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Disco Elysium gets a hardcore mode for veterans and risk-takers

Become an even hotter mess and fail lots of rolls

Cass Marshall is a news writer focusing on gaming and culture coverage, taking a particular interest in the human stories of the wild world of online games.

Disco Elysium is a very good role-playing game that focuses on text, exploration, internal change, and occasionally being a disaster mess who inflicts chaos on everyone around him. Developer ZA/UM has come out with a couple of upgrades to the game, including ultra-widescreen support and a new hardcore mode.

Hardcore mode sounds especially interesting, as Disco Elysium doesn’t have many of the normal levers a developer can tweak to make a game tougher, like enemy health or spawn rates. Instead, ZA/UM has created a trickier mode with less resources and more experience.

The developer explains what hardcore mode in a post on the game’s store page, but the basics are that every check is more difficult, and you’ll fail more as a result. That means players will likely veer more towards being a hot mess, if only because they aren’t able to pass the tests society throws at them. if you’re not passing checks, you’re going to be very undignified. There’s less money in the world too, and pharmaceutical products cost more while doing less. Balancing that out is drugs, alcohol, and cigarettes, which are now both more abundant and alluring to the protagonist.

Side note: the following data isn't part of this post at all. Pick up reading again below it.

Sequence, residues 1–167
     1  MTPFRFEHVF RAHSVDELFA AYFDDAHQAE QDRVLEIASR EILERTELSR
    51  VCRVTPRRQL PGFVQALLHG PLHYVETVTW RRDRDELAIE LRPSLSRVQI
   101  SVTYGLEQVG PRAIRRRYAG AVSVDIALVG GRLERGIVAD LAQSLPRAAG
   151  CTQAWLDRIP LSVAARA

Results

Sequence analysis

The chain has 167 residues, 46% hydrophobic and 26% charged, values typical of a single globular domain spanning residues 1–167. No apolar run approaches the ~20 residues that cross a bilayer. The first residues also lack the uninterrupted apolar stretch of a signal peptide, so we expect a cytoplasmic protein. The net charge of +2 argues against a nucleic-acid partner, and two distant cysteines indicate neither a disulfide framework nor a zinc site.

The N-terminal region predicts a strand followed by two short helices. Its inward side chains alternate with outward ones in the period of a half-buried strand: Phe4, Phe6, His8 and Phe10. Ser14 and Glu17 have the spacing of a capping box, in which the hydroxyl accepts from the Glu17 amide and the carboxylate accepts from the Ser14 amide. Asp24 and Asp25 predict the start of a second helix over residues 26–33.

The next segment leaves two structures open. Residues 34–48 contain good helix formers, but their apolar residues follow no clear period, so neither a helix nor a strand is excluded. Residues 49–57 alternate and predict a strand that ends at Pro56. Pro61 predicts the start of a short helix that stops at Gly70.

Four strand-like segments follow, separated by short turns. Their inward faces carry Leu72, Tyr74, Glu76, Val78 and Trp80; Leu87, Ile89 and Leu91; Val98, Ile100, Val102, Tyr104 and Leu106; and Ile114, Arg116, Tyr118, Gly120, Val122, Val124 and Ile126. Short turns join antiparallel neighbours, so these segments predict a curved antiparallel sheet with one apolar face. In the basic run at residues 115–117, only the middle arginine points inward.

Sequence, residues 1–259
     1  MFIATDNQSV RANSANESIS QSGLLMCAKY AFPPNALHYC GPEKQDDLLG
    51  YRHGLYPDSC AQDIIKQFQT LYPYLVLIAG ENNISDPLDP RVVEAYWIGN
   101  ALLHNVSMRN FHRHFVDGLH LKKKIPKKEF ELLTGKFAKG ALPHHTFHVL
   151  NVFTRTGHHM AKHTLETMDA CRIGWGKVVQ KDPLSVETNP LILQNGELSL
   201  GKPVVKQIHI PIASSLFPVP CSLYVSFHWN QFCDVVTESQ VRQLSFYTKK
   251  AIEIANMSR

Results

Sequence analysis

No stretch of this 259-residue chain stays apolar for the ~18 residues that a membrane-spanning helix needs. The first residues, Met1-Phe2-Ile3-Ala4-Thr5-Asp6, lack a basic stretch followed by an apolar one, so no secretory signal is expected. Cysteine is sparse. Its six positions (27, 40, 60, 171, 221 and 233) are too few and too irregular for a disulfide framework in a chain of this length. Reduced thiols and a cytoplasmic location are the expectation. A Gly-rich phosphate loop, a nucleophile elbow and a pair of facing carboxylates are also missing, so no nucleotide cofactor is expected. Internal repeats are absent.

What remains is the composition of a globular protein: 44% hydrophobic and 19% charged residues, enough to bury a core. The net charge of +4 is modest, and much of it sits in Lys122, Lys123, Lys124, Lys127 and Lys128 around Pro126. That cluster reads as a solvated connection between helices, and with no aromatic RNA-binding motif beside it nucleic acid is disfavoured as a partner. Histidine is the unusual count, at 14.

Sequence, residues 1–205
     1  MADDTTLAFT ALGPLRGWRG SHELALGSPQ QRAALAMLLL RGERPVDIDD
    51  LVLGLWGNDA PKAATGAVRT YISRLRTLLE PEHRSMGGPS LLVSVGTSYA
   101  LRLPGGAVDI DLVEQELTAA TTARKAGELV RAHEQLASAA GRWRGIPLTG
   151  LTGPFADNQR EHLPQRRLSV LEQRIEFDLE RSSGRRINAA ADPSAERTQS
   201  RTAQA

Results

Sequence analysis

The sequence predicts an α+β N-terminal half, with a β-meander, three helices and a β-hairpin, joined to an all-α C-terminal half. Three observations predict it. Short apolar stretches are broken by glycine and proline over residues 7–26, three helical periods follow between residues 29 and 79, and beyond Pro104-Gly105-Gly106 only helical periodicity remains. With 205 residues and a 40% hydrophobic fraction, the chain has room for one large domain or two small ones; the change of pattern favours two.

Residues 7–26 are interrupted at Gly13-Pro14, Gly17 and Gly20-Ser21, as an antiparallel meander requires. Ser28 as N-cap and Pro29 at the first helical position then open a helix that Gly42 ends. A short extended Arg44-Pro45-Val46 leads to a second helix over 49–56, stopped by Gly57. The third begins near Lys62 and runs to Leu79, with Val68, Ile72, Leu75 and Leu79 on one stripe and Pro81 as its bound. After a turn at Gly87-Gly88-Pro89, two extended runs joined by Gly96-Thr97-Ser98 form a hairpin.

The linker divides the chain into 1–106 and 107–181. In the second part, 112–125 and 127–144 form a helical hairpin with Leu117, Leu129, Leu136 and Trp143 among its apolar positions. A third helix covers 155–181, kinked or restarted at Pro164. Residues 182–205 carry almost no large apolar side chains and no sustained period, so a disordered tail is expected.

In my first run of the game, I dressed my detective up to amuse myself. Now, equipment has stat bonuses that matter, and making risky rolls in terrible gear becomes a dangerous proposition. I also explored lots of stray thoughts in internal dialogue trees, but now thoughts solidify much faster, and wandering down one path to experiment could prove troublesome later.

There’s one big bonus to hardcore mode, and that’s more XP. Specifically, the player will get more XP every time they finish a task. This isn’t a monumental change; it’s described as a marginal gain by the developers. Still, it’s a welcome addition with all the other factors in play.

Hardcore mode sounds quite punishing, and so it will appeal to players who have beaten the game normally. New players should avoid a hardcore run, unless they’re willing to dive directly into the deep end in possibly catastrophic fashion.

Disco Elysium is already well worth a player’s time, if they’re into games with branching dialogue trees, fluid protagonists who change and adapt, and low-stakes settings with satisfying payoffs. Hardcore mode doesn’t re-invent the wheel, but it puts some more gas in the tank for a very satisfying ride.